Once this has been agreed, focus on the success metrics. Each organisation will be likely to have at least three or four supporting initiatives; these are likely to include obvious objectives such as increasing subscriber sign up, active customer base or increase product purchase. Again these basic steps ensure that the business has a clear view of what it is trying to achieve before embarking on such a project, thus obtaining key stakeholder buy in.
Further down the line, referring back to these can provide clarity as to whether a task is in or out of scope of the project.
Step 2: Define how the business will need to use the data to deliver on its vision
Having agreed on the basics, review what the business needs to do to achieve the established goals. This may include: reviewing current data collection mechanisms and marketing opt-ins to ensure maximum customer contactability; using advanced analytics to enhance personalisation and content strategies; ensuring customer touch points are aligned to deliver consistent messaging; improving the ability to react to behaviours in real time as the consumer is engaging with the business.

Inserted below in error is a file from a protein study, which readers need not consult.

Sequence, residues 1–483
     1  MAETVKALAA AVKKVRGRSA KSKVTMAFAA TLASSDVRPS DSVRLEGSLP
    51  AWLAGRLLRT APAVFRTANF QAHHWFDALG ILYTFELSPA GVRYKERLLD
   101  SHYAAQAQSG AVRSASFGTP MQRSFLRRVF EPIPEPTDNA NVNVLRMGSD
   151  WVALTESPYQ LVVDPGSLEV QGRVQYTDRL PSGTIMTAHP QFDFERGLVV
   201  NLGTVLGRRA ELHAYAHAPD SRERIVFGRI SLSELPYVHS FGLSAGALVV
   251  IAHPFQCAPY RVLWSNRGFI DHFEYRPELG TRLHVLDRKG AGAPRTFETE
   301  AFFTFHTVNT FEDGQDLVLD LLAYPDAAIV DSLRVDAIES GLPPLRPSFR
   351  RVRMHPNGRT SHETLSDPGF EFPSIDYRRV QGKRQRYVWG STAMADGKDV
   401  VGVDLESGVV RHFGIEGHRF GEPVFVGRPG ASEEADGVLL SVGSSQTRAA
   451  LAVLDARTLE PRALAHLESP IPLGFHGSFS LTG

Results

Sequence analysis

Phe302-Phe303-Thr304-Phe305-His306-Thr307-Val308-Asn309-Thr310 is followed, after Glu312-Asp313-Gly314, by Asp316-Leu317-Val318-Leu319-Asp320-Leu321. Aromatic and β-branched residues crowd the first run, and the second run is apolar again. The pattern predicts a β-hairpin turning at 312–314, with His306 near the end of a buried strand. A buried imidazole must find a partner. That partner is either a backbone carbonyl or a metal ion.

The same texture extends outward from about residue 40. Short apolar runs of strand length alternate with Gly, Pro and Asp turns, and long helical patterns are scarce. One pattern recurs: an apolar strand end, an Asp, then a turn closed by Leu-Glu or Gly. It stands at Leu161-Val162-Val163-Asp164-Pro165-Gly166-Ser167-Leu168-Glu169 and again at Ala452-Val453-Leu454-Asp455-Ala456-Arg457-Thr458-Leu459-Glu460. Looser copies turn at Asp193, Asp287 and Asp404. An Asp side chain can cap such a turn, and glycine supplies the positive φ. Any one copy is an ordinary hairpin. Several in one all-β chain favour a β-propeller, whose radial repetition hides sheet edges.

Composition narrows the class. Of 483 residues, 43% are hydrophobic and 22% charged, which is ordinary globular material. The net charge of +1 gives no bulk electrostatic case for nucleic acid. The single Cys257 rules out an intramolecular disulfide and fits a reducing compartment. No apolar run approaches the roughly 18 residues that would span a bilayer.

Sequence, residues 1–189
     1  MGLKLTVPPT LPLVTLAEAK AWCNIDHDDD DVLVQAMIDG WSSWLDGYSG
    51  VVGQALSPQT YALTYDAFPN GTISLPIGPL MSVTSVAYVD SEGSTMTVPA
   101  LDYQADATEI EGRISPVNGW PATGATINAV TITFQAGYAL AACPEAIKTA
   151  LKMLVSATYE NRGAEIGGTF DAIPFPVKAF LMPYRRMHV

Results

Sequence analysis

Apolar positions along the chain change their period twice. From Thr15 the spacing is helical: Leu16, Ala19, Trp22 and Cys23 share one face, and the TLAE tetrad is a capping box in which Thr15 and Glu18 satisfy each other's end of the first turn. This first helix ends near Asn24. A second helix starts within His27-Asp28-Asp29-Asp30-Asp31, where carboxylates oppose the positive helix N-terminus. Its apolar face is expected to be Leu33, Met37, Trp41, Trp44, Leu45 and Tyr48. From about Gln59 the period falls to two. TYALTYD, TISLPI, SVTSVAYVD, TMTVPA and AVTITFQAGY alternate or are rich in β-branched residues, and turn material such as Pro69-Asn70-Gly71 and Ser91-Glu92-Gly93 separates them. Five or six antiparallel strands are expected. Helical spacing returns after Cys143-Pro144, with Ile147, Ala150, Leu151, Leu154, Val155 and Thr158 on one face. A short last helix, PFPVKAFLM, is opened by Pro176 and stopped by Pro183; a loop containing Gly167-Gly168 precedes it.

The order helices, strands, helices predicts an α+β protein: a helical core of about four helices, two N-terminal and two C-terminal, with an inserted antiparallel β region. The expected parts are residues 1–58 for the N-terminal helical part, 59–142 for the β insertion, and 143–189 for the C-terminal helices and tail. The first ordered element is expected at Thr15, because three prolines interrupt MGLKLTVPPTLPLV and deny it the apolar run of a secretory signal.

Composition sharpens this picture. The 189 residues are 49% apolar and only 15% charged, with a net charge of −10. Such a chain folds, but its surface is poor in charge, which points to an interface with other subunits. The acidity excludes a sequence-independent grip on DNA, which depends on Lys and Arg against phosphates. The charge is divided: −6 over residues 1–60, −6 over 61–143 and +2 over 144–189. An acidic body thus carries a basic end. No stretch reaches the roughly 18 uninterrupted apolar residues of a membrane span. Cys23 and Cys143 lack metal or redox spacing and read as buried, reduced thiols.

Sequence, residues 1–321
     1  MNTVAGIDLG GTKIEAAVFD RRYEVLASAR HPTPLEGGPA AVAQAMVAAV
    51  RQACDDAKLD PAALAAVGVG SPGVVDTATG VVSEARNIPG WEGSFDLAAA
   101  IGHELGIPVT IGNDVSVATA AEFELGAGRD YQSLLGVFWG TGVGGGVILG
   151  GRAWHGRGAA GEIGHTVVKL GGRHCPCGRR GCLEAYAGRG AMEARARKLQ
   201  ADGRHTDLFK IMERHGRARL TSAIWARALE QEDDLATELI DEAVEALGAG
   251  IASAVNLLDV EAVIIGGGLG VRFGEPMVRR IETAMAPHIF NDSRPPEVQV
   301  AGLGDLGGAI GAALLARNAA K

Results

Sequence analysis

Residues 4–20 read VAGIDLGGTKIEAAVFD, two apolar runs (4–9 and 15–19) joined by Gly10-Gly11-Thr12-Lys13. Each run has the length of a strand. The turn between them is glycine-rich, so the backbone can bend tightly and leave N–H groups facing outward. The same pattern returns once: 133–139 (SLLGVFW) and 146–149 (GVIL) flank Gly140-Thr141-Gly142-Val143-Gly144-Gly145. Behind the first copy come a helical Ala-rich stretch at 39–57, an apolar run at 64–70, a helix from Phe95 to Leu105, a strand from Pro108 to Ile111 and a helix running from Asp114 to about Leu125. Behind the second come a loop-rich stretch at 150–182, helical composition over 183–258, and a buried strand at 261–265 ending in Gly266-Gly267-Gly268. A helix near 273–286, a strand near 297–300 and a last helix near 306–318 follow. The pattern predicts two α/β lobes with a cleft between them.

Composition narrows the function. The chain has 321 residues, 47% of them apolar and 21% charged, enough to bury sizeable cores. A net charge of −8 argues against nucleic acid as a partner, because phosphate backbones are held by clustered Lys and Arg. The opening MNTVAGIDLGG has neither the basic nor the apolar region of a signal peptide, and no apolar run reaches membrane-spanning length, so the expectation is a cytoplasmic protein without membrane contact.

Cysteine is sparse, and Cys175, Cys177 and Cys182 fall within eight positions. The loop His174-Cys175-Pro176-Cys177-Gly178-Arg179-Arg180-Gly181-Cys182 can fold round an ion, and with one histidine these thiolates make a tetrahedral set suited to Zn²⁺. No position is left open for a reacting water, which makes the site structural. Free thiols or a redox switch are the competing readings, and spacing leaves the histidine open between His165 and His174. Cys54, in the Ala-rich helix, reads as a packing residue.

Step 3: Identify the necessary data to meet your goals
Having developed the vision, it becomes much easier to review exactly what data will be necessary to underpin the strategies. As you are defining the information, it is useful to assess whether you have highlighted items that address every part of the customer journey – the data an organisation requires to achieve an effective sales conversion from prospect to buyer is very different than managing an ongoing relationship with a loyal consumer. It is important to focus on what data you want – whether it is available at that time or not – keeping in mind that other organisations can also provide valuable data resources.